In an effort to increase the usability and highlight the user-interactivity features of Libertarian Papers, we have made some changes to the home page:
- Content is now organized by section.
- RSS and iTunes icons appear next to their respective section headers for increased prominence.
- Content lists appear in a more compact summary format.
- All content is more prominently “dated for freshness.”
- In addition to linked section headers, tabs at the end of each section alert the reader to additional content.
- The “Latest Comments” section has been added to make this particular user-interactivity feature more prominent. Hopefully this will encourage more frequent discussion of the articles contained on this site.
- Clicking on a commenter’s screen name will lead the reader directly to the contributed comment.
- Clicking on a title in this section will lead the reader to the article, podcast or news item.
See the accompanying full-size annotated screenshot (PNG, ~179KB) to see the above decsription of the revisions in context.
We hope that this revision proves beneficial to all existing and future readers. Please let us know of any display issues by using the comment box below.
Libertarian Papers is pleased to announce that Butler D. Shaffer, professor at Southwestern Law School, has joined the Editorial Board.
Since 2002, the O.P. Alford III Prize in Libertarian Scholarship, a bi-annual $1000 prize, has been awarded to the paper published in the preceding two-year period that best advances libertarian scholarship. The award was named for a great entrepreneur, O.P. Alford III, whose friendship to the Mises Institute and dedication to the cause of liberty will not be forgotten.
I am pleased to announce that the Mises Institute has generously decided to grant the $1000 Alford prize annually–instead of every other year–to the article published in Libertarian Papers that best advances libertarian scholarship. The next such prize will be awarded at the Austrian Scholars Conference 2010 to the best article from Libertarian Papers published in 2009, as chosen by the journal’s Editor and Editoral Board.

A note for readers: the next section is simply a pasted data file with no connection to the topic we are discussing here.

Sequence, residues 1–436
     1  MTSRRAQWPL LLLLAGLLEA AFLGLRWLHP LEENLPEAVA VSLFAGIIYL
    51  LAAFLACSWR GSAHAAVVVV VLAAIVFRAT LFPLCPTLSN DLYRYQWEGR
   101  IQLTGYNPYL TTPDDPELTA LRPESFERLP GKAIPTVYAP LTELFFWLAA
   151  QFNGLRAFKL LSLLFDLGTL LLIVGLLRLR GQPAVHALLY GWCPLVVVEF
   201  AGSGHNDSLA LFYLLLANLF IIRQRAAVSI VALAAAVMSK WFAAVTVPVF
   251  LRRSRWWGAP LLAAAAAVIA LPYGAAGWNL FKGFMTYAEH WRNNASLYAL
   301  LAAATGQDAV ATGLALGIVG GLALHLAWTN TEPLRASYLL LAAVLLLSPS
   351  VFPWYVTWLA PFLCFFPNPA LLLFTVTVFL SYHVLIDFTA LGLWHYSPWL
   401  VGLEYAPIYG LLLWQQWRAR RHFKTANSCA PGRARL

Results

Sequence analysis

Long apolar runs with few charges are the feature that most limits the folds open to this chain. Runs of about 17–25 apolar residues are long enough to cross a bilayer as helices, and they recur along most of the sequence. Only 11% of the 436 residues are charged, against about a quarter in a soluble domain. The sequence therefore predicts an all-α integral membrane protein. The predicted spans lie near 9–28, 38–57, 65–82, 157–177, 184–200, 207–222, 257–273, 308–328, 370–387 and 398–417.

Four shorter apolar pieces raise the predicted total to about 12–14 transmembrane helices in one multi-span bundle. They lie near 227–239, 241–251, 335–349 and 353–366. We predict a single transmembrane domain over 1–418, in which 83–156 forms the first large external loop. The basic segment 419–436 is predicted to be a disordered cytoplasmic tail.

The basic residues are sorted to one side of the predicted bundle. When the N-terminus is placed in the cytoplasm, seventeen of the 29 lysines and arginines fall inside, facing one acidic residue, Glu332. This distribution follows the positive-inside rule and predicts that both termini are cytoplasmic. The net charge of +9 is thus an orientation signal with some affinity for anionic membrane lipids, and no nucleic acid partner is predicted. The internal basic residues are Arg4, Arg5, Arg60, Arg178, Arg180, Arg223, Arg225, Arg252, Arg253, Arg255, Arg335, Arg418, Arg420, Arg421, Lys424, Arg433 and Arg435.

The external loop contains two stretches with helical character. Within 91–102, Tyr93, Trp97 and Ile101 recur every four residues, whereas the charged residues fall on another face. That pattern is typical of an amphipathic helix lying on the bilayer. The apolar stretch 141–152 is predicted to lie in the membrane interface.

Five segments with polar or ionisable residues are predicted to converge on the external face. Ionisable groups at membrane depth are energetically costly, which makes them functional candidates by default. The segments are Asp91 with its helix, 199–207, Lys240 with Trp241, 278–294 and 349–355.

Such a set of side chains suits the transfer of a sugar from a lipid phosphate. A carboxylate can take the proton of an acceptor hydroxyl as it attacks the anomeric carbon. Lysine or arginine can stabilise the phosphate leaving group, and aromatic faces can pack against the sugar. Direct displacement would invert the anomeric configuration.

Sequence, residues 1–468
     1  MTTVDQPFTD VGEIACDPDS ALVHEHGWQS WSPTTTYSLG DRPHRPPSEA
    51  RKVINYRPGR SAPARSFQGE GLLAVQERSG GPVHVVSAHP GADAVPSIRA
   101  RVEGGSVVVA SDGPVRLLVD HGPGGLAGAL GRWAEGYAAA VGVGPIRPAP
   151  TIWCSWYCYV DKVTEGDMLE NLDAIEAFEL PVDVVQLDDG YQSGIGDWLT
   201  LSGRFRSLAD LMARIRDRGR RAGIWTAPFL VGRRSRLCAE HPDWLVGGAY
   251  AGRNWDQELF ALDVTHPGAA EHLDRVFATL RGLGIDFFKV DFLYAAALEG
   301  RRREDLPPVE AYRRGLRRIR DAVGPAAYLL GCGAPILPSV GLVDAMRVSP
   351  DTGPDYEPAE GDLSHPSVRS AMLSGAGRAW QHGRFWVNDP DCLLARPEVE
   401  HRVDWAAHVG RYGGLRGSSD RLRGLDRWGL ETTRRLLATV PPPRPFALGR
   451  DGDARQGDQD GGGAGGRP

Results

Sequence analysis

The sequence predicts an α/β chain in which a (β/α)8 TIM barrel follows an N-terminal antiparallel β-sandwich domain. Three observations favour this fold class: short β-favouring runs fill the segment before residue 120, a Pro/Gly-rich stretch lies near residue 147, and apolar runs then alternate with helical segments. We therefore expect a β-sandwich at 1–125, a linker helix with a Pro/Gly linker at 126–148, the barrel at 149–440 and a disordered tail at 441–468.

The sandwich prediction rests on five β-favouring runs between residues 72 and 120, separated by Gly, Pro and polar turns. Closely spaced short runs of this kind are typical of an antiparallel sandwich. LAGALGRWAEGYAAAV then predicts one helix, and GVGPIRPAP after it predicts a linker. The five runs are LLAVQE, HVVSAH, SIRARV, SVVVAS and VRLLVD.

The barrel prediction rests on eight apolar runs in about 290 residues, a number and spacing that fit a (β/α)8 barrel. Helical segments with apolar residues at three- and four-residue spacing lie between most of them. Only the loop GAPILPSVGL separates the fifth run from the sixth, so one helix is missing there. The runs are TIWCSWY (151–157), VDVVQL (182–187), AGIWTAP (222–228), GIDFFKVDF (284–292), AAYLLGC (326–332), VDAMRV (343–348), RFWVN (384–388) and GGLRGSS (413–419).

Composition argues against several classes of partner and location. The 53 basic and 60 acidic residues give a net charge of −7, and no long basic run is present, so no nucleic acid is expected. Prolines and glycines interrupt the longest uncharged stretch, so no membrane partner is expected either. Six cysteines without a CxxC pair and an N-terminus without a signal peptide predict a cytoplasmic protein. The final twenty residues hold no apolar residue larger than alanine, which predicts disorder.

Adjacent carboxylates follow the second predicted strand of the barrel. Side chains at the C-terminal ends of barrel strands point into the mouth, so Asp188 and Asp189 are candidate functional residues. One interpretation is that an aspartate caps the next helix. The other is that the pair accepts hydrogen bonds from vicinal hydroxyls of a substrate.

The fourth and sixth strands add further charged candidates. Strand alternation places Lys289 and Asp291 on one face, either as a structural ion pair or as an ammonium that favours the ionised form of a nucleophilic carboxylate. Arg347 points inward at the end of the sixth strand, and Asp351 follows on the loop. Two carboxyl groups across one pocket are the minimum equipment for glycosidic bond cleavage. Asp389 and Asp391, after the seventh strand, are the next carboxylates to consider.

Interesting post on orgtheory.net, broadening the scientific conversation, which discusses “some interesting advances in how some journals and online media are broadening the scientific conversation.” Among some developments lauded by this post: fostering dialogue online and in print; having open access; podcasting the journal’s articles; and doing “a great job of packaging things online”.
Here at Libertarian Papers, we are striving to be part of this process.
Libertarian Papers has entered into an agreement with EBSCOhost to have its content included in this service.
Libertarian Papers has entered into an agreement with HeinOnline to have its content included in this service.
We have finally been assigned an ISSN: it is 1947-6949.
If you wish to start an unrelated discussion, use the comment entry form found at the bottom of each page.
Also, if a discussion thread becomes particularly large, it will be separated into multiple pages to make the discussion more manageable. (Currently, twenty comments are displayed per page.)
If you find any bugs, please let me know in the comment box or send e-mail to firstname.lastname@example.org. Thanks for your help and participation.
For those who like paper, Libertarian Papers will be offered in a Print Archive version, at cost, via print-on-demand. Our first print archive is Vol. 1 (2009), Part 1: Articles 1-17. It’s available for $10 (our cost), from Lulu. It may be ordered from our Print Archive page.